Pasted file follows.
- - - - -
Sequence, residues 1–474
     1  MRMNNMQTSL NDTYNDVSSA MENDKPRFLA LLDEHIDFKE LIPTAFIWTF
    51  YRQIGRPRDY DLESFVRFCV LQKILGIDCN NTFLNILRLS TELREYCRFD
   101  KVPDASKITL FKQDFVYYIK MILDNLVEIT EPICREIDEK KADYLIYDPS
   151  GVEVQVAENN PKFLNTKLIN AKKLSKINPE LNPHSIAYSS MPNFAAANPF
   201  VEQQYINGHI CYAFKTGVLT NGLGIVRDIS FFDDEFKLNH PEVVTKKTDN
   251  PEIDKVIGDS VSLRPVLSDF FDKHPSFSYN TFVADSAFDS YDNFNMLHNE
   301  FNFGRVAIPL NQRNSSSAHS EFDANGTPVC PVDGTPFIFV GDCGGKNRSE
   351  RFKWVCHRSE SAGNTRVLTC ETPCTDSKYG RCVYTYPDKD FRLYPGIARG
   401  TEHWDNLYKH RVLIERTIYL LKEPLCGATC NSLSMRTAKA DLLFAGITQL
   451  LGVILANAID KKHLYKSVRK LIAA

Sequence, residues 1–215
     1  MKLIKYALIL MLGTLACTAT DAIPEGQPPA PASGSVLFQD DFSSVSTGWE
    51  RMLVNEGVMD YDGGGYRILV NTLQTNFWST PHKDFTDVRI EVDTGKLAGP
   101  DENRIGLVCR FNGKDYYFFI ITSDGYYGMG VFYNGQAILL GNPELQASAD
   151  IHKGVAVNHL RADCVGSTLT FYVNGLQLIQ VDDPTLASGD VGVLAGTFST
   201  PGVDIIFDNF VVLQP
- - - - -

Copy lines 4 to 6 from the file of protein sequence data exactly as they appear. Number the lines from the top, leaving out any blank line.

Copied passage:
   101  KVPDASKITL FKQDFVYYIK MILDNLVEIT EPICREIDEK KADYLIYDPS
   151  GVEVQVAENN PKFLNTKLIN AKKLSKINPE LNPHSIAYSS MPNFAAANPF
   201  VEQQYINGHI CYAFKTGVLT NGLGIVRDIS FFDDEFKLNH PEVVTKKTDN